Her jewelry designs are of high quality and perfect for everyday wear.

“The aesthetic is the balance of minimalism and subtle statement. Our pieces are inclusive with extended sizes available and customization options,” said Beloti.

The jewelry designer is inspired by many things she sees in the city, by shapes, art and the jewelry she has collected over the years. When something sparks an idea, she tries to get it down on paper or on the computer and work on it until it comes to fruition. “I’ve learned to be patient with the process because the piece is never the best it can be at the first attempt, and it gets better with time, thought, consideration and iteration,” she said.

Beloti’s jewelry is in gold because she loves its luster and hues. The first piece she created was a gold necklace with Brooklyn spelled across that front, which she still wears today. For the first time, the summer 2023 Gwen Beloti Jewelry line will include a new collection featuring diamonds.

Recently, the Emerging Designers Diamond Initiative with the National Diamond Council selected Beloti to be one of six designers to create a fine jewelry collection of gold and diamonds to be showcased at JCK in Las Vegas, the largest jewelry show in the world.

The Gwen Beloti Jewelry Collection

Although jewelry has been her passion and career, Beloti has a master’s in Psychology and started college when she was 16. She has always had a great appreciation for education and many of her teachers have had a lasting impact on her. She believes in giving back to her community and started a program where local residents nominate a special educator for a golden recognition. Those selected are presented with a piece from the Gwen Beloti Jewelry line, as a token of appreciation for the work they do. Each year, she also donates a portion of her sales to the nonprofit organization Little Dresses for Africa, which provides assistance to young girls throughout Africa.

“I met Gwen at a trade show and was so impressed by her collection and her enthusiasm for creating something beautiful that would make her customers feel special and appreciated,” said Lois Reboli, a founder of the Reboli Center.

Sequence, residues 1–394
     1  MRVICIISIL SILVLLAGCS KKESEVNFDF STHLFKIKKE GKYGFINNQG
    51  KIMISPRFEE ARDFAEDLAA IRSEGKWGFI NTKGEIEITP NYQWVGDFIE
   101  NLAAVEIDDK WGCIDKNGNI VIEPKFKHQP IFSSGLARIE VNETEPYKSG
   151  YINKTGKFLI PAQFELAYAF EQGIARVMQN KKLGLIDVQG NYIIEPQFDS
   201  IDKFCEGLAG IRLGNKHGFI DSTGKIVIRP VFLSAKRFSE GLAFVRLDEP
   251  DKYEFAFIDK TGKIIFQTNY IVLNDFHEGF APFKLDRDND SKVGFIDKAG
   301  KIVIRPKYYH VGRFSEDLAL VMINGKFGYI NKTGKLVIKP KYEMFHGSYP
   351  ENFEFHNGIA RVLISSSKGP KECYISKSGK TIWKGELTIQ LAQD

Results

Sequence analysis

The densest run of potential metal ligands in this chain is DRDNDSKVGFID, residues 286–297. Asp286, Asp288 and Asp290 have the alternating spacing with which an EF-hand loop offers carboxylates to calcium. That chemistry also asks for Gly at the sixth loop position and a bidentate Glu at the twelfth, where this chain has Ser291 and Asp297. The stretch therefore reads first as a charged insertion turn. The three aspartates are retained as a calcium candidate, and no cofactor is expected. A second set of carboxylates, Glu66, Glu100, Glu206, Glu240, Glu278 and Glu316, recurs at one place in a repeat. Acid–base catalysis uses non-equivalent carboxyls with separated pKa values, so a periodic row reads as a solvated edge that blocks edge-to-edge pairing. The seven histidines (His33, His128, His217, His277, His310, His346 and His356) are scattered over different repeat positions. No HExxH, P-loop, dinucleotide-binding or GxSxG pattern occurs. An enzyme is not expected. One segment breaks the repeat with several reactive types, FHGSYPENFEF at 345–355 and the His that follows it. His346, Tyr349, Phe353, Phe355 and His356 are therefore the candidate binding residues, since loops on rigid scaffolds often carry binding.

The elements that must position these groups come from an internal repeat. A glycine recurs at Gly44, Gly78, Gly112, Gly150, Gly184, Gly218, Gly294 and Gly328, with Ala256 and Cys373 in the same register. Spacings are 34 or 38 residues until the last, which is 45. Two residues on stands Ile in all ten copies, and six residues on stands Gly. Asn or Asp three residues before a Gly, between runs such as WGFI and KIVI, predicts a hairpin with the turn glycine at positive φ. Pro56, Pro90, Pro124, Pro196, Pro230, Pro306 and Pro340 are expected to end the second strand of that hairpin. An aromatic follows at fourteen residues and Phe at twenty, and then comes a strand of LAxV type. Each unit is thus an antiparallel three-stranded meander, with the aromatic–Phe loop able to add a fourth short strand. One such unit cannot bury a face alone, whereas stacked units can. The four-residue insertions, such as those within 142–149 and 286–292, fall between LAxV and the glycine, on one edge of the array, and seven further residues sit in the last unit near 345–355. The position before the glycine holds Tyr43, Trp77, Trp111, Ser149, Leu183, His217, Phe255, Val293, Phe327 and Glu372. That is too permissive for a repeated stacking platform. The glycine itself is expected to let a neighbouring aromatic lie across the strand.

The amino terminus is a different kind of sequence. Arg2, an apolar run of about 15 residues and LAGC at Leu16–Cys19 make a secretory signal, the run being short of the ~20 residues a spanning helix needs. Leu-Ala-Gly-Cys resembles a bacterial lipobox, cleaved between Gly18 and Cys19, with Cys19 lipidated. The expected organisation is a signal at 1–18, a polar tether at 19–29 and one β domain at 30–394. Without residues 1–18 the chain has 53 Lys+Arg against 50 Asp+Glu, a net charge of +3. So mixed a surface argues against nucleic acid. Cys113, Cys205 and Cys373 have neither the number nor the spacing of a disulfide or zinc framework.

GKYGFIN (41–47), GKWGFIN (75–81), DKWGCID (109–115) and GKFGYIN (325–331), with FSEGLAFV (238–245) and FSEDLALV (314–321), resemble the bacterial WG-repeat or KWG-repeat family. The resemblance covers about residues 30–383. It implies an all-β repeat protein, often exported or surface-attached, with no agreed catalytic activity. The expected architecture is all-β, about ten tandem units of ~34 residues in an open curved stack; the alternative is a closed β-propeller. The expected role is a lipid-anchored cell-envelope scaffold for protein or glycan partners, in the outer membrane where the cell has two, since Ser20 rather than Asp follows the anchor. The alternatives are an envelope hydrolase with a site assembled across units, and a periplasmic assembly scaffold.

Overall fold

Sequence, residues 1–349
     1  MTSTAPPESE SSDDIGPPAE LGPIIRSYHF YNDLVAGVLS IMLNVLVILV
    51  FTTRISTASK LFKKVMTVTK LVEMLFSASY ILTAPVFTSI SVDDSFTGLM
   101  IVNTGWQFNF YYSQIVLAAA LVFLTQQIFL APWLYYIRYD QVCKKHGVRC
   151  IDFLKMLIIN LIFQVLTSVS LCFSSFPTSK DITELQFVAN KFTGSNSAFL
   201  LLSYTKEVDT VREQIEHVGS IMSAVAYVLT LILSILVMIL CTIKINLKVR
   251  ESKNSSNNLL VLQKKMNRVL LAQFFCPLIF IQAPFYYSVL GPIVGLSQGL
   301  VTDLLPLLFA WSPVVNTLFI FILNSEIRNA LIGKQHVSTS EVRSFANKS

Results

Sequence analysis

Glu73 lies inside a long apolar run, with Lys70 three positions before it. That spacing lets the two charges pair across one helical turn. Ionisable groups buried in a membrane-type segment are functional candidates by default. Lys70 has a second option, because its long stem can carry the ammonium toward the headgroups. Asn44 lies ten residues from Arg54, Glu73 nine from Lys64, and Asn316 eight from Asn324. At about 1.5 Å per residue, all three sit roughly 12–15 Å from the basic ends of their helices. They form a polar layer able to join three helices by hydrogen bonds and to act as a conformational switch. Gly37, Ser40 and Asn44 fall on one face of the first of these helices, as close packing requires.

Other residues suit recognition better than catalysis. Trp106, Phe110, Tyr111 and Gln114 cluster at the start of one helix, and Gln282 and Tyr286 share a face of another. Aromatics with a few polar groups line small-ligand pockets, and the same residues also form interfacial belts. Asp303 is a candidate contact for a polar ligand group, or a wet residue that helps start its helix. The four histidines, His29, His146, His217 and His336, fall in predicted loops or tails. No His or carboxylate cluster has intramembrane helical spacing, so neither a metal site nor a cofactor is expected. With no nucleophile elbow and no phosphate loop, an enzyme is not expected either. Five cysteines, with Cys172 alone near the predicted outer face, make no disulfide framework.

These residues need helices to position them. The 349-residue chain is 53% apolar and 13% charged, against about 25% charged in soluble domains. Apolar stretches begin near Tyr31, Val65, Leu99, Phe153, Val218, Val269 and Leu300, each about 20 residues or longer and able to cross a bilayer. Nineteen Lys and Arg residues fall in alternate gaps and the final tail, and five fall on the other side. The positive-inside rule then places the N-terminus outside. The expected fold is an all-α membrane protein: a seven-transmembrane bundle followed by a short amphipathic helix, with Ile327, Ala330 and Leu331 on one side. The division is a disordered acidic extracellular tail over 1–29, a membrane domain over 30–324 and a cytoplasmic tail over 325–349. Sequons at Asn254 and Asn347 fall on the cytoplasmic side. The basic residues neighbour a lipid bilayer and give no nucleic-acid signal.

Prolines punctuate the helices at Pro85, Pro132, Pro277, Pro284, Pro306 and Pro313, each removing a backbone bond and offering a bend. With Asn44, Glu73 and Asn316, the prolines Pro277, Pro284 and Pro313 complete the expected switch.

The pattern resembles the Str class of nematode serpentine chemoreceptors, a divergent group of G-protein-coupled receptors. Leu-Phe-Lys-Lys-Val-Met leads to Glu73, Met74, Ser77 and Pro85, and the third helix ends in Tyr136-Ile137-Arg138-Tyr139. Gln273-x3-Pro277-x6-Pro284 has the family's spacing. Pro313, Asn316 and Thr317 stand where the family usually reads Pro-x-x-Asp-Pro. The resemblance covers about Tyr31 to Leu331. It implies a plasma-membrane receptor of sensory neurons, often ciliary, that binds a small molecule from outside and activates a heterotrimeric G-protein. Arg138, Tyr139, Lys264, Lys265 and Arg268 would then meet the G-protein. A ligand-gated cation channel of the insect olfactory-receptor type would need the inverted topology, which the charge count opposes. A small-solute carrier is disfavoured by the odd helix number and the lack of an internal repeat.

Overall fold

On May 19, at the Reboli Center’s Third Friday, Gwen will discuss her artistic journey, craft and career. The talk is scheduled to start at 6:30 p.m. and conclude at 7:30 p.m. There is no fee and no reservations are required. Light refreshments will be served. Doors open at 6 p.m.

Gwen Beloti’s jewelry is available at the Reboli Center, located at 64 Main Street, Stony Brook. Operating hours are Tuesday through Saturday from 11 a.m. to 5 p.m. and Sunday from 1 p.m. until 5 p.m. Admission is free. For more information, please call 631-751-7707 or visit

Pictured are designer Gwen Beloti and the Gwen Beloti Jewelry Collection

A ceramic bowl by Kathy Larocca

For the month of April, the Reboli Center for Art and History is showcasing the extraordinary ceramics of Kathy Larocca inspired by nature, especially botanicals, shells and fossils.

Artist Kathy Larocca

Larocca’s passion for ceramics started more than a decade ago.  “Forming art from a mound of clay got me hooked immediately on creating ceramics. I love the tactile quality of clay, whether it is made on a wheel or hand built. Each method has its own challenges and never-ending possibilities. I have taken many classes at local studios on Long Island and attended multiple workshops, both in person and virtually. I belong to several art groups and get inspiration from their creativity,” she explains.

Lois Reboli, president and a founder of The Reboli Center, said, “I find Kathy’s work a perfect fit for The Reboli Center, since we are located by Stony Brook Harbor and her work is so soothing and beautiful. Her designs are just exquisite.”

For her ceramics, Larocca uses mostly B-mix clay to create her pieces because of its porcelaneous quality and creamy color. In addition, she notes that it works well with the glazes she uses.  The artist elaborated on her process by stating, “As I develop an idea for a piece, I decide whether to create it on the wheel or by hand. Occasionally I sketch a draft of what the envisioned piece should look like. With ceramics, timing the drying work is essential, since the process involves multiple steps. Much of my work is carved (sgraffito) and the clay needs to be the correct dryness for this process to be successful. Once the piece is out of the kiln for the first firing, it is then glazed and put back in the kiln to vitrify.”

A ceramic vase by Kathy Larocca

Larocca notes that she doesn’t count the number of hours it takes to make something as there are many steps involved and it depends on the intricacy of her work. “When I work with clay or any form of art, the time melts away as I am completely engaged in the process,” she said.

Ever since she was a young girl, Larocca nurtured her creative side by exploring and enjoying art, especially sketching and painting. She continued her love of art by attending the New York Institute of Technology and discovered a fascination with animation. Upon graduation, she worked at several studios in Manhattan and on a variety of projects including movies, television commercials and animation shorts. She relocated to California where she worked in the inking department of Hanna-Barbera Studios, a major television animation and production company. Its shows included such classic cartoons as The Flintstones, The Jetsons, Huckleberry Finn,  Scooby Doo, and The Smurfs.